July 5 (Bloomberg) -- Kenya’s shilling weakened the most in more two weeks as the central bank cut its benchmark rate for the first time in 18 months.
The currency of East Africa’s largest economy weakened 0.7 percent to close at 84.55 per dollar, the biggest one-day decline since June 12. The shilling has strengthened 2.5 percent since May 30, according to data compiled by Bloomberg.
Kenya’s central bank cut its benchmark lending rate for the first time in 18 months to boost the economy as inflationary pressures ease. The Monetary Policy Committee reduced the key rate by 1.5 percentage points to 16.5 percent, according to an e-mailed statement today from the Nairobi-based central bank. Seven out of 12 economists surveyed by Bloomberg predicted a one-percentage point cut, while one forecast a 50 basis points reduction. The rest expected the rate to stay unchanged.
“The market expected a cut which points to the weakening of the shilling,” Jeremiah Kendagor, the head of trading at Nairobi-based Kenya Commercial Bank Ltd., said by phone after the decision was announced “We will be keen to see how the central bank will act to support the shilling if it slides rapidly, either by enhancing its mop up exercise or even selling dollars to meet demand and cushion the shilling.”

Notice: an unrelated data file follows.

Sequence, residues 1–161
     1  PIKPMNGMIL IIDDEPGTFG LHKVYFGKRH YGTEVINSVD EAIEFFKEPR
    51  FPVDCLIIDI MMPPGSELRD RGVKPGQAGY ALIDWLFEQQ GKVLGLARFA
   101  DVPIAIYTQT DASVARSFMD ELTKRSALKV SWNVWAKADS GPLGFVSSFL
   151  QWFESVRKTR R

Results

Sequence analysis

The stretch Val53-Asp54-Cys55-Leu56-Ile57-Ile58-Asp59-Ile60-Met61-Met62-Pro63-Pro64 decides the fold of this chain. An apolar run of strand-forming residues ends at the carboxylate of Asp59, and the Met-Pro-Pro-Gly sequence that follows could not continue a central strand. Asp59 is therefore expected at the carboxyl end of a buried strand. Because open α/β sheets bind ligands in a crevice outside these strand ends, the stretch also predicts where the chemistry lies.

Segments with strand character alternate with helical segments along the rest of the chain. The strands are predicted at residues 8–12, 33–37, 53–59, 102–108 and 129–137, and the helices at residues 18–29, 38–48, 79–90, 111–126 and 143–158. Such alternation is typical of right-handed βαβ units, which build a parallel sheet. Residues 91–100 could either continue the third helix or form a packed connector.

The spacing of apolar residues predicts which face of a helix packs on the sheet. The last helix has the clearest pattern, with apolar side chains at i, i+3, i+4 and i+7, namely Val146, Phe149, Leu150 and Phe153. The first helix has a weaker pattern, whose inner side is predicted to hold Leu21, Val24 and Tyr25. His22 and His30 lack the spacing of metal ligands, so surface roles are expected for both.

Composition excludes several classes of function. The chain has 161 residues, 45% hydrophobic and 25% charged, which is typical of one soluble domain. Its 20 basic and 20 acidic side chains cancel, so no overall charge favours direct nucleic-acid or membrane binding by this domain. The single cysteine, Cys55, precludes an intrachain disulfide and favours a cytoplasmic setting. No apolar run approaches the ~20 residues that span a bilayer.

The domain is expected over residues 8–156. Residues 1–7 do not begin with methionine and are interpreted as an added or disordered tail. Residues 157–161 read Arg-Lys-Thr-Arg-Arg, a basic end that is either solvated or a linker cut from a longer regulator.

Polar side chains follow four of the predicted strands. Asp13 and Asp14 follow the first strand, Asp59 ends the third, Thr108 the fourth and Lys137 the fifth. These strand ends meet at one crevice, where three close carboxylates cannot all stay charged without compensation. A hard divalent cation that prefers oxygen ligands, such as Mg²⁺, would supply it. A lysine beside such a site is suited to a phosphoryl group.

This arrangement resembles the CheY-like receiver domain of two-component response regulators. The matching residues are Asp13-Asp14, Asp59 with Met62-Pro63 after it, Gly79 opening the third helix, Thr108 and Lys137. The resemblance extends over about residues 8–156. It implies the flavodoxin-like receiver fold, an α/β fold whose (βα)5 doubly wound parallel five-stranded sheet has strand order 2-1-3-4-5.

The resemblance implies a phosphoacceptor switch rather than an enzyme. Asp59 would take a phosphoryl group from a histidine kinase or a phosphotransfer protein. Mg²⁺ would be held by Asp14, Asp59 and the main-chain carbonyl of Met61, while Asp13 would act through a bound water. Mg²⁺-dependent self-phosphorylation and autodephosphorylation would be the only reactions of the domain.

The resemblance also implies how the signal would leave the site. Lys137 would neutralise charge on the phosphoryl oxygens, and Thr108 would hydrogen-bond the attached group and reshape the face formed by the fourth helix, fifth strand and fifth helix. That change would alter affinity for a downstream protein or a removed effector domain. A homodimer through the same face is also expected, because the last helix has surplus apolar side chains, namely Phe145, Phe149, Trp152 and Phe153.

The central bank raised borrowing costs by a record 12.25 percentage points in 2011 to help bolster the shilling and curb price pressures following drought. Inflation declined for the seventh straight month to 10.1 percent from 12.2 percent in May, the Kenya National Bureau of Statistics said in an e-mailed statement June 29.
Kenya sold 4 billion shillings ($47 million) of repurchase agreements maturing in seven days at a weighted average rate of 16 percent, a central bank official, who asked not to be identified in line with policy, said.
The central bank also accepted 1.8 billion shillings of bids for 14-day term auction deposits at 16 percent, 400 million shillings of 21-day TADS at 15.6 percent and 800 million shillings in 28-day deposits at 15.85 percent, the official said by telephone from Nairobi, the capital. The bank has been using its open market operations to reduce the total money supply.
Tanzania’s shilling weakened for the third time this week, depreciating 0.4 percent to 1,587 per dollar. Uganda’s shilling gained the most in almost two weeks, appreciating 0.3 percent, the most since June 21, to 2,466.93 per dollar.
To contact the reporter on this story: Johnstone Ole Turana in Nairobi at email@example.com
To contact the editor responsible for this story: Antony Sguazzin at firstname.lastname@example.org